We all know by now that regular exercise can have wondrous effects not only your physical health but on mental well-being as well. Regular exercise can stimulate the brain, help us deal with depression, protect us against anxiety and provide a boost to our self-esteem. It’s also nice to know that regular exercise in this context doesn’t have to mean sweating it out like you’re training for a marathon. It can mean a 30-minute walk each day. In other words, small but regular portions of exercise have shown time and time again to have significant benefits in alleviating or preventing mental health issues.
But the question here is: Can watching sports also have similar positive effects? Some experts have put forward the theory that watching sports can have less dramatic but still, significant positive effects on your mental well-being, especially for older people with dementia. When you watch your favorite team play, whether they win or lose, fans tend to be on an emotional high, as witnessing your team scoring a goal can be emotionally stimulating. Re-watching replays of golden moments can even rekindle old memories and feelings, connecting people to their past. Events like the World Cup and the Super Bowl, for examples, also tend to bring friends and family together and create a euphoric and memorable atmosphere, as people debate the likelihood of this team or that team coming out on top — though sporting-odds aggregating sites like Oddschecker are more likely to have better predictions for outcomes than your rowdy cousin after his fifth beer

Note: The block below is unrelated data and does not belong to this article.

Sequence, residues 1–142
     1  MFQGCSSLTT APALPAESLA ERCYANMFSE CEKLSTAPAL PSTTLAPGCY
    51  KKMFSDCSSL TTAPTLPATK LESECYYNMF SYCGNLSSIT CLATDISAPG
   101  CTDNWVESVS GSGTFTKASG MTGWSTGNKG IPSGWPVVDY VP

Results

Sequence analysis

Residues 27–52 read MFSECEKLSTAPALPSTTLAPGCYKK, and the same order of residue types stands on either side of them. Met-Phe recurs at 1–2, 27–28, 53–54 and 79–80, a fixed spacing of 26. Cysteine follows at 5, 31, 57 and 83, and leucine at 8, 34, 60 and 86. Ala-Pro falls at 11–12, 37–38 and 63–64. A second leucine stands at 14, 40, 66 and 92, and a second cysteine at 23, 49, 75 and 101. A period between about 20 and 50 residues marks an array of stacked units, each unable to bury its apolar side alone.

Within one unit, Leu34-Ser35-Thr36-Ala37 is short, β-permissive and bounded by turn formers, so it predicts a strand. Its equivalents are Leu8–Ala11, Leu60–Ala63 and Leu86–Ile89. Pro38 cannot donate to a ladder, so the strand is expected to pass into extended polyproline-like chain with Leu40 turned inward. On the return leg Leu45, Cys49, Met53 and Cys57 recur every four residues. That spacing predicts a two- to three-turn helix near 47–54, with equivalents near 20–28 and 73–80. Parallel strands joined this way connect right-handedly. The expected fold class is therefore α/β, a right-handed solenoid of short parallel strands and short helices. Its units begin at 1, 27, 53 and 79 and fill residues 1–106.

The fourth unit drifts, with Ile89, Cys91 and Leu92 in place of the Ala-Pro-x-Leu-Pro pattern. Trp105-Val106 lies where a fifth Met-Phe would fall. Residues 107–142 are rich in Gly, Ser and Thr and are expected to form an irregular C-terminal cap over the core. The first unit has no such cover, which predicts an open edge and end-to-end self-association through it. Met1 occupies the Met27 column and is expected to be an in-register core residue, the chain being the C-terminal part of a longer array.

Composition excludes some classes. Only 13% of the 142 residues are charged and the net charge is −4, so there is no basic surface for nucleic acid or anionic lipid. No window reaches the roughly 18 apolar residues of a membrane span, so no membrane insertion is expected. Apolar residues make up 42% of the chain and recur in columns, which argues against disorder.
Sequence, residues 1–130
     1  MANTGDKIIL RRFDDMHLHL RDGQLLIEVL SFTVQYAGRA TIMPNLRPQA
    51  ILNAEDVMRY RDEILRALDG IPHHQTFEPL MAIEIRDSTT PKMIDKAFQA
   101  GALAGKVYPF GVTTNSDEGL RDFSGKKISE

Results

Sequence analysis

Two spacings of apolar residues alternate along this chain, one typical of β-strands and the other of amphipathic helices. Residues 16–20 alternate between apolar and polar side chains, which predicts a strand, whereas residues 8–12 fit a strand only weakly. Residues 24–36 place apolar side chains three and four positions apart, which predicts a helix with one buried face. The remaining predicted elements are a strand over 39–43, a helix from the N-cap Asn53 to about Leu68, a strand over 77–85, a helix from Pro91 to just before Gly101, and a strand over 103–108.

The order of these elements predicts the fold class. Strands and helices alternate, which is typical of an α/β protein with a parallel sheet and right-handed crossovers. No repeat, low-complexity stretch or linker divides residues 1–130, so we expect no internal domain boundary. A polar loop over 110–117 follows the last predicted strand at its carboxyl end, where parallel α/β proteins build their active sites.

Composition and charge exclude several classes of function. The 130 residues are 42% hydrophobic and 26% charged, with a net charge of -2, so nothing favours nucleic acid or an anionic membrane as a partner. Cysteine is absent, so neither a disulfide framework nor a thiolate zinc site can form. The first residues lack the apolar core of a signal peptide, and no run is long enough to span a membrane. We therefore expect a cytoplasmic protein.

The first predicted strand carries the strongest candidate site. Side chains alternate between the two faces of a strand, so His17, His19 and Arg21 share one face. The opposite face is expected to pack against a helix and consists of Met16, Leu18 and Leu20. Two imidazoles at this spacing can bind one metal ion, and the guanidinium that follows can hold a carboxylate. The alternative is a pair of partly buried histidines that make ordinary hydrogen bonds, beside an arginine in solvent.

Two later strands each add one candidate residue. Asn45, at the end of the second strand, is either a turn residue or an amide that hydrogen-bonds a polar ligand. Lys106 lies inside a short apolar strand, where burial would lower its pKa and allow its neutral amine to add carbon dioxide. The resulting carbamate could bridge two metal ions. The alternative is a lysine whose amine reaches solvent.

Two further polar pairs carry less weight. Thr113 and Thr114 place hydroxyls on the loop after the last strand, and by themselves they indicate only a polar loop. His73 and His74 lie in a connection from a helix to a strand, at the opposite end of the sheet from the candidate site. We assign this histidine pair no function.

The theory was first put forward by Professor Alistair Burns, who studies old age psychiatry at the University of Manchester. Speaking about the phenomenon, Professor Burns has said: “There is a positive link between watching classic football matches and keeping the mind active…re-watching matches can rekindle past memories, connect people with their past and keep the brain active.” Other research has also indicated that being a sports fan can have positive benefits for your emotional and social health. It seems, sports fans tend to have higher self-esteem and feel less lonely than non-sports fans. In their book “Sports Fans: The Psychology and Social Impact of Spectators,” psychologist Daniel Wann, Gordon Russell and Merrill Melnick argue that this is because of the connections that watching and talking about sports with other fans, especially those rooting for the same team, can provide.
So, it seems that, along with the health benefits we get from keeping active, we can also maintain a sense of overall well-being by merely watching sports. That’s excellent news for football fans everywhere.